Friday, November 21, 2008

Do You See It Too?

Last night as I'm winding down toward bedtime, I hopped onto my Facebook page and read through all the twitter-like status updates recorded there from all my Facebook friends. Here are just a few of the 30 or so I read:

A is going to a meeting with some folks in the refugee community.
B has finally found a way to make soup a meal...add a pound of bacon.
C is just returning from meeting with a friend who is out of work.
X is reading Happy Birthday greetings and thanking God for friends.
Y is about to surprise my daughter.
Z is going on a date with his wife, ending at Sprinkles...

And I was once again struck by how wondrous, how stunning and profoundly blessed it is to be a living, human soul. We are, each of us, a universe of wonders; there is no end to the discovering of it, or to the reveling in what treasures can be found there.

I'm not a humanist, but I know art when I see it. But this is nearly impossible to explain. As Merton lamented, "I realize what we all are. And if only everybody could realize this! But it cannot be explained. There is no way of telling people that they are all walking around shining like the sun."

In the margin beside that quote in the book, I have scribbled, "He sees it too!" Really, until the moment read that, I thought I must be mad.


kari said...

This post very much reminds me of this Lewis quote:

"It is a serious thing to live in a society of possible gods and goddesses, to remember that the dullest and most uninteresting person you talk to may one day be a creature which, if you saw it now, you would be strongly tempted to worship, or else a horror and a corruption such as you now meet, if at all, only in a nightmare. All day long we are, in some degree, helping each other to one or other of these destinations. It is in the light of these overwhelming possibilities, it is with the awe and the circumspection proper to them, that we should conduct all our dealings with one another, all friendships, all loves, all play, all politics. There are no 'ordinary' people. You have never talked to a mere mortal. Nations, cultures, arts, civilisations -- these are mortal, and their life is to ours as the life of a gnat. But it is immortals whome we joke with, work with, marry, snub and exploit -- immortal horrors or everlasting splendours. This does not mean that we are to be perpetually solemn. We must play. But our merriment must be of that kind (and it is, in fact, the merriest kind) which exists between people who have, from the outset, taken each other seriously -- no flippancy, no superiority, no presumption. And our charity must be a real and costly love, with deep feeling for the sins in spite of which we love the sinner -- no mere tolerance or indulgence which parodies love as flippancy parodies merriment."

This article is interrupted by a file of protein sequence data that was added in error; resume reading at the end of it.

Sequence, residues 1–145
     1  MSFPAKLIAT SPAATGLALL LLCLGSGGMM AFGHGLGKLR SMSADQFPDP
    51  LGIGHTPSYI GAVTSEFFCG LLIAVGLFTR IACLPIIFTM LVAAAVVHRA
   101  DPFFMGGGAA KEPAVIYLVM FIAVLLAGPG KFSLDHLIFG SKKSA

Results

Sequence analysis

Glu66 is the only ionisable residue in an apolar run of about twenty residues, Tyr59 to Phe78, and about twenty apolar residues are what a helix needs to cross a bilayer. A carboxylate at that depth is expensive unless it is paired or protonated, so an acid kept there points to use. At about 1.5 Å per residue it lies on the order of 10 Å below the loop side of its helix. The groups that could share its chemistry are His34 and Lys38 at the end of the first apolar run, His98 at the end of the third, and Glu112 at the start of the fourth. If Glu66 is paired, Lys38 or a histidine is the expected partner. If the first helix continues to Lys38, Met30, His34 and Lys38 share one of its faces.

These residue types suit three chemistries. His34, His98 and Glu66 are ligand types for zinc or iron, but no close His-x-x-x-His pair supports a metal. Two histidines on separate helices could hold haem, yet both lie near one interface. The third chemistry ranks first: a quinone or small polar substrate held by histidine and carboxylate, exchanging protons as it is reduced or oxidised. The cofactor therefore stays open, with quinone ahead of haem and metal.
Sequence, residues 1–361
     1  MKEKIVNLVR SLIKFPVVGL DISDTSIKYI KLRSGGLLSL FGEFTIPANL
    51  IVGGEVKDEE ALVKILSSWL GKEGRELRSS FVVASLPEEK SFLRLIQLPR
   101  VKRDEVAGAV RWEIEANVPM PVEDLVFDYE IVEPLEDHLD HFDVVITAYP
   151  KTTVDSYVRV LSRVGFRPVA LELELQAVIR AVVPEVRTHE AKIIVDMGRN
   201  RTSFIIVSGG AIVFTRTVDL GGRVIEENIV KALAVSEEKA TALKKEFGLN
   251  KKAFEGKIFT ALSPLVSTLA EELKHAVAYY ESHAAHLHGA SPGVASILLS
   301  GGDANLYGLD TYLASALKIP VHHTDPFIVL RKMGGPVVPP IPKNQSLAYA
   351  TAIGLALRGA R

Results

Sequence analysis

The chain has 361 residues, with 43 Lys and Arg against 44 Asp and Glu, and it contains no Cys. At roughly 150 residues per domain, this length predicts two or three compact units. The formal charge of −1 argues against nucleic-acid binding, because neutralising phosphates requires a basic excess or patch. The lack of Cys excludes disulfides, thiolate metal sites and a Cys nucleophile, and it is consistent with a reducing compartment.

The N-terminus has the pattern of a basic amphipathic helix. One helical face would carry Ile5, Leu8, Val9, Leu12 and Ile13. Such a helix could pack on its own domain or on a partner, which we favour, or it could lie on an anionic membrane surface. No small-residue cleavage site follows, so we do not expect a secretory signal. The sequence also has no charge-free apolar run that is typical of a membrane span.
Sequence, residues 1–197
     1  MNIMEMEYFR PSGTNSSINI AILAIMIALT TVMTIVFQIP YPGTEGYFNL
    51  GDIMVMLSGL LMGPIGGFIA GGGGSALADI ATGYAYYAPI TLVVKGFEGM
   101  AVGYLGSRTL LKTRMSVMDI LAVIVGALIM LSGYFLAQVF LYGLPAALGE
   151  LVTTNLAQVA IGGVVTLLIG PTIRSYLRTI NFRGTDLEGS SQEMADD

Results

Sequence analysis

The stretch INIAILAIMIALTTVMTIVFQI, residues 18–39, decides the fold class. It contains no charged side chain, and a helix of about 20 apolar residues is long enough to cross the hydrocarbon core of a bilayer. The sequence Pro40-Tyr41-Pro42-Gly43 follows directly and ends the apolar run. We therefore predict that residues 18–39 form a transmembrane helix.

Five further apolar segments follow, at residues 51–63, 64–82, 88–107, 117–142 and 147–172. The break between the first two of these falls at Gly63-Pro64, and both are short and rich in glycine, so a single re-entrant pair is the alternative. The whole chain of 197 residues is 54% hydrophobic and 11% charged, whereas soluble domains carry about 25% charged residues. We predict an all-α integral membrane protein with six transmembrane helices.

--C. S. Lewis, From The Weight of Glory.

Michael D. Warden said...

Love that quote, Kari! Thanks for posting it!